Defining success: Any kind of push up front would be great

We're at the point now where we have to be honest with ourselves and acknowledge that no team in school history has run the ball worse than this 2019 edition. We rank 129th out of 130 teams nationally in yards per game, 128th in yards per carry, and 128th in explosive yards per game, and just writing that sentence makes me want to drink bleach. TCU's defense is simply too good to expect any kind of sustained success if we can't do better than that.


WVU players to watch: DT Dante Stills, NT Darius Stills, LB Josh Chandler, S Sean Mahone, S Kerry Martin Jr, S Tykee Smith

TCU players to watch: QB Max Duggan, RB Darius Anderson, RB Sewo Olonilua, WR Jalen Raegor

The Horned Frog offense opened conference play with a bang, racking up 625 yards in a 51-14 thrashing of Kansas, but has topped 400 yards in just three of their six games since. They're very much the same run-heavy spread attack that they've been since the tandem of Anderson and Olonilua broke into the lineup two years ago, and they're actually better than ever in terms of yards per carry, yards per game, and explosive runs per game.

Much of that improvement is due to the emergence of freshman QB Max Duggan, who's easily the best runner that they've had at the position since Trevone Boykin. Like Boykin, Duggan excels both on designed runs and as a scrambler, where he does a great job keeping his eyes downfield until the last possible moment. His consistency as a thrower has left a bit to be desired at times - he's completing just 55% of his passes for 6.4 ypa - but he's also had spurts where he's flashed the ability to make quick decisions and deliver the ball accurately.

The rest of the skill guys will be mostly familiar. The aforementioned Anderson and Olonilua are again a rock solid thunder/lightning combo - Anderson is the workhorse while Olonilua gets most of the short yardage work. It's important to note that the pair have combined to catch 43 balls this year. Out wide the primary target is again Jalen Raegor, though sophomores Taye Barber and Te'Vailance Hunt and tight end Pro Wells have emerged viable weapons, as well.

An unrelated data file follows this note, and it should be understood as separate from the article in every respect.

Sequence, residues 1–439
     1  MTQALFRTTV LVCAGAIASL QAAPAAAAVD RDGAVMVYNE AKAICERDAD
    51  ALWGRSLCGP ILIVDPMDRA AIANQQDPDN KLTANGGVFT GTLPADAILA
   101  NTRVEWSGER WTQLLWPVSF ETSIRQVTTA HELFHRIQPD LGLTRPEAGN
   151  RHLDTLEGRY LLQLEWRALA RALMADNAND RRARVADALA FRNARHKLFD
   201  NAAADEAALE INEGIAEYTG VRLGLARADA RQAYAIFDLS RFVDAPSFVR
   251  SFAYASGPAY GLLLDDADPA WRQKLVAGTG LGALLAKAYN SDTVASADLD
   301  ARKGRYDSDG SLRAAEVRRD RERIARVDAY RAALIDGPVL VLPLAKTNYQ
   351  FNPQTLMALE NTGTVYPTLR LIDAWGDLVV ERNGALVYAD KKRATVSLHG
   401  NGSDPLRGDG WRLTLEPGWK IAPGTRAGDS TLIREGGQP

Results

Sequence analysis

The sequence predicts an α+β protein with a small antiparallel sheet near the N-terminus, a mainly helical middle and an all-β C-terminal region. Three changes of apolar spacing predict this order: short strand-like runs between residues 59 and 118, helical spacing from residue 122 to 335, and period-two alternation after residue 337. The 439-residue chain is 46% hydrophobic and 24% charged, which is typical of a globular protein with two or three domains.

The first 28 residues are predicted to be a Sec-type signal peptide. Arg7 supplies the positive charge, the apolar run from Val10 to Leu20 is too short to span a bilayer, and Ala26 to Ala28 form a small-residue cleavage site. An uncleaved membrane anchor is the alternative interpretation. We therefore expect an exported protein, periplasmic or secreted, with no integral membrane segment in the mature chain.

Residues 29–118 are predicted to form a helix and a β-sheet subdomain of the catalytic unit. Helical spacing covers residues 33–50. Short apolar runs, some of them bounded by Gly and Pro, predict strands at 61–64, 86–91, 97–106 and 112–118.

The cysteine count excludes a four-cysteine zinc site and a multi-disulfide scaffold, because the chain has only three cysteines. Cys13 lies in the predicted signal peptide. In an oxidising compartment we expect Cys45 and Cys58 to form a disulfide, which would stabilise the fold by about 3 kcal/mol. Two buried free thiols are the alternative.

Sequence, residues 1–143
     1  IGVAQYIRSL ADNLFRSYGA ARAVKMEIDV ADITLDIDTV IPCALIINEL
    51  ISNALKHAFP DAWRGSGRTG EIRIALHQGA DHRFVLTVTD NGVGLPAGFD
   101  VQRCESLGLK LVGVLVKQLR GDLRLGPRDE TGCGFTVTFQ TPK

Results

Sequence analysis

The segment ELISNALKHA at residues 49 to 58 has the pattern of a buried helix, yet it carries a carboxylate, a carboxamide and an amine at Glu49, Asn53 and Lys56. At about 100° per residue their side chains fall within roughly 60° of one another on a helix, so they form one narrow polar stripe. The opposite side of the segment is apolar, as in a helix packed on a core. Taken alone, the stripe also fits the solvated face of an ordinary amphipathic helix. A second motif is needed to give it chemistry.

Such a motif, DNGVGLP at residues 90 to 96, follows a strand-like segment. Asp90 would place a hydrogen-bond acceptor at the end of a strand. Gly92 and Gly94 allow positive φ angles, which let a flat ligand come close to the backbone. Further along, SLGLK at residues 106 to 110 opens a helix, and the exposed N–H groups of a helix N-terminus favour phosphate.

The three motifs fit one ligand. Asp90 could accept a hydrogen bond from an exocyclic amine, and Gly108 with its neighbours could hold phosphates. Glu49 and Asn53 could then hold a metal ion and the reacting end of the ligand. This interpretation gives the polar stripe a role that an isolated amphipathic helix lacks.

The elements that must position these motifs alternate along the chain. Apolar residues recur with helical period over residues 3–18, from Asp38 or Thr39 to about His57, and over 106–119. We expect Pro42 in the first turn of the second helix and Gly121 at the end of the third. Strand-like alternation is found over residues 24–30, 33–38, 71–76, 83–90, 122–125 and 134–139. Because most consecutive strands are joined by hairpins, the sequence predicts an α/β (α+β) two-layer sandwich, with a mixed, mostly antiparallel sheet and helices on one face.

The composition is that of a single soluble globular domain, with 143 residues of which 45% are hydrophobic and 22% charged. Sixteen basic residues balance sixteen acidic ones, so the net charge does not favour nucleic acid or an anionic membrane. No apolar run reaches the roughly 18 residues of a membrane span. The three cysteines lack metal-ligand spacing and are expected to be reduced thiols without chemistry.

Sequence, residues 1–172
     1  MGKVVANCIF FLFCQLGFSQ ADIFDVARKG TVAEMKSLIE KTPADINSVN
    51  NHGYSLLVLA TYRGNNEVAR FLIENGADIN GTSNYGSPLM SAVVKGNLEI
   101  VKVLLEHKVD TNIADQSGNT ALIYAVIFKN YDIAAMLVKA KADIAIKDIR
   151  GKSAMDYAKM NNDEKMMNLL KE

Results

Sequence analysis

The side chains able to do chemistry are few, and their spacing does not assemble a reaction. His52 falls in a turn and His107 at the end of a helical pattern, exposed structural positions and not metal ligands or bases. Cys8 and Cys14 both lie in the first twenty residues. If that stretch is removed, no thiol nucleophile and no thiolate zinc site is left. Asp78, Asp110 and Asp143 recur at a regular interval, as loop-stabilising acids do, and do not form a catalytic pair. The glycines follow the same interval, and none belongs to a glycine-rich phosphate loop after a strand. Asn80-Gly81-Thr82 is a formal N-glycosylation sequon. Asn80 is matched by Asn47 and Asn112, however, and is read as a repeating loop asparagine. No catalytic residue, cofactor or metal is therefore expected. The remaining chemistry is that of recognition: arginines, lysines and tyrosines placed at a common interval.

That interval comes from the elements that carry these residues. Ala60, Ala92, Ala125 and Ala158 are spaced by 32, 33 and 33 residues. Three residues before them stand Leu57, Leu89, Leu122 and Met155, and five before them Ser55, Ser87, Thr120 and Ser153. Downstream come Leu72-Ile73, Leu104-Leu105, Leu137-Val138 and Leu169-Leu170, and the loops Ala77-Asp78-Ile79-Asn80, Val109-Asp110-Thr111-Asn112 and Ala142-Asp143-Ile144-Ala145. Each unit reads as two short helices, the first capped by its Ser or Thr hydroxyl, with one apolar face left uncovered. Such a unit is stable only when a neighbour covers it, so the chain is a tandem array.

Defining success: Box in Duggan

TCU wants to run the ball, so our priority has to be stopping it, and especially stopping Duggan from killing us the way he’s been killing teams for the last two months. When they're able to get him going it opens the defense up to splash plays down the field to Raegor and Wells. We can't let that happen.


Special teams priority is to not let Jalen Raegor score any touchdowns. He's been the most dangerous return man in the conference since he burst onto the scene two years ago and has already housed one punt this year. Our special teams have actually been very good so far this year, but we need to finish strong on Raegor tomorrow.


I haven't seen anything from our offense to make me think we're capable of putting up big numbers against TCU, so our best bet for getting out of there with a W is to keep the scores low and win in the margins. If we can keep the turnovers to a minimum and win the field position battle, I like our chances to be in it at the end, and at some point you figure we have to start learning how to seal those deals.

West Virginia 20-16 TCU